Guest essay: A plan for a ‘passoire’-filled Portland

Behold the humble, transformational, neighborhood traffic “passoire,” which would allow almost anything but cars to pass through. (Graphic: Stone Doggett)

— This essay was written for BikePortland by reader and longtime family biker, runner and walker.

“A passoire, a strainer, a means of filtering out the undesirable chunks (cars) and allowing the most flavorful vital elements to pass.”

Hey Portland, it’s time to sac up, à la Française.

That opening line probably has everyone famished and ready to manger their favorite “petit dejeuner en sac.” Lick your lips, but hold the fromage, and instead let’s sink our mind-teeth into the magnificent cul de sac. 

The scrumptious cul de sac has long been a delicacy for the wealthy that is mostly enjoyed in out-of-the-way suburbs and exurbs, far away from the urban poor. After a long day moving cars around, the fortunate retire to the peace and quiet of streets designed to limit noisy, threatening, outsider’s cars from rudely interrupting their repose. Day and night the cul de sac works tirelessly like a powerful missile defense system deflecting dangerous through traffic. Tragically, the beneficiaries of this modern miracle long ago declared “Sacs pour moi, not for toi!”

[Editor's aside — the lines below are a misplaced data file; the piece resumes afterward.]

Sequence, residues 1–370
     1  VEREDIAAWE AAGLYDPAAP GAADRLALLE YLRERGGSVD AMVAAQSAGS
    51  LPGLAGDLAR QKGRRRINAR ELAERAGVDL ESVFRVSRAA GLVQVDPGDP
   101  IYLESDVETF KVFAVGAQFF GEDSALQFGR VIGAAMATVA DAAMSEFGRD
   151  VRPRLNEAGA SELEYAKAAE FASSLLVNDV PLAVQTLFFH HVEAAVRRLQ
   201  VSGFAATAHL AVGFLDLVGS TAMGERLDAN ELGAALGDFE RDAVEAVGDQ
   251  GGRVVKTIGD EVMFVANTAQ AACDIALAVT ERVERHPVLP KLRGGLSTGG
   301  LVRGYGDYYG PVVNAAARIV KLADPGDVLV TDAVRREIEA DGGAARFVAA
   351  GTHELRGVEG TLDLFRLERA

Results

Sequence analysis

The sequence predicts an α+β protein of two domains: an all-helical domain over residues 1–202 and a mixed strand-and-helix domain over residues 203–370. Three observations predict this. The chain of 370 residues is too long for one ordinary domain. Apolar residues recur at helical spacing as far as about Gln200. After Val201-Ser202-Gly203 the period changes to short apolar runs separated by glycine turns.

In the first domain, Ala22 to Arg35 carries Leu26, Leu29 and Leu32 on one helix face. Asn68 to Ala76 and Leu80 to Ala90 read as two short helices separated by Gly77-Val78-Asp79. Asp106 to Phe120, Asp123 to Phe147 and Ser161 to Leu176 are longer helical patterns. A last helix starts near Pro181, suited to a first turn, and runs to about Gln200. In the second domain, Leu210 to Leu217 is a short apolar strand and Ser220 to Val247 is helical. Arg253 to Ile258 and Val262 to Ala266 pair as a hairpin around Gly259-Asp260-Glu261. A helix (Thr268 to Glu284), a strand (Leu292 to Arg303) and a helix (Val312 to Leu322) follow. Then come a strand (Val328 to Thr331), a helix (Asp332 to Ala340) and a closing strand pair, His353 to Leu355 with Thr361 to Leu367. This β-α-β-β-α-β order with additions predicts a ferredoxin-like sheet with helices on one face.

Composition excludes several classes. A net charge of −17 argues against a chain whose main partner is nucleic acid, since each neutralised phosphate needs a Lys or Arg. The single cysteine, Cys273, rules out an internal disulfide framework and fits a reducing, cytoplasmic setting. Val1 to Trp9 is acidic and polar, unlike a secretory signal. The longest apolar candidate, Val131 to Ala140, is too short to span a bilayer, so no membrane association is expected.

While the wealthy have enjoyed safe, idyllic places for their children and pets to roam free from blunt force trauma, urban areas have been slashed and scarred with highways and parking lots. Much like excessive plastic surgery gone awry, “urban renewal” changed urban residential areas into eerie resemblances of neighborhoods. Places once built for people became places built for automobiles – uncanny valleys of human habitat with highways running through the middle. Sacre bleu

A Better Sac

Courage, my dear Portland, we can rise from the ashes of the asphalt sins-of-our-fathers. The humble cul de sac holds the key to healing decades of self-destructive overindulgence. But honestly, we are pretty bad off, we need more than cul de sacs we need an urban super sac. We must combine the French austerity of the cul de sac with the US love of “freedom.” Freedom sacs!!! – unleashing the freedom of movement in the city. The freedom sac is in essence, a passoire, a strainer, a means of filtering out the undesirable chunks (cars) and allowing the most flavorful, vital elements to pass, like a fine consommé. Of course, if there are only one or two, the chunks roll around the sides, but a network of well-placed passoire would revolutionize transportation and enliven the urban environment with human movement.  

The passoire is simple (see image above). Imagine the intersection by your house or apartment, remove the pavement from corner to corner creating a square of green space, imagine a few large trees, include the sidewalks (if you have sidewalks) and install crossing paths that are big enough for two generous-sized tricycles to pass each other on a warm summer night and blow kisses. Voilà.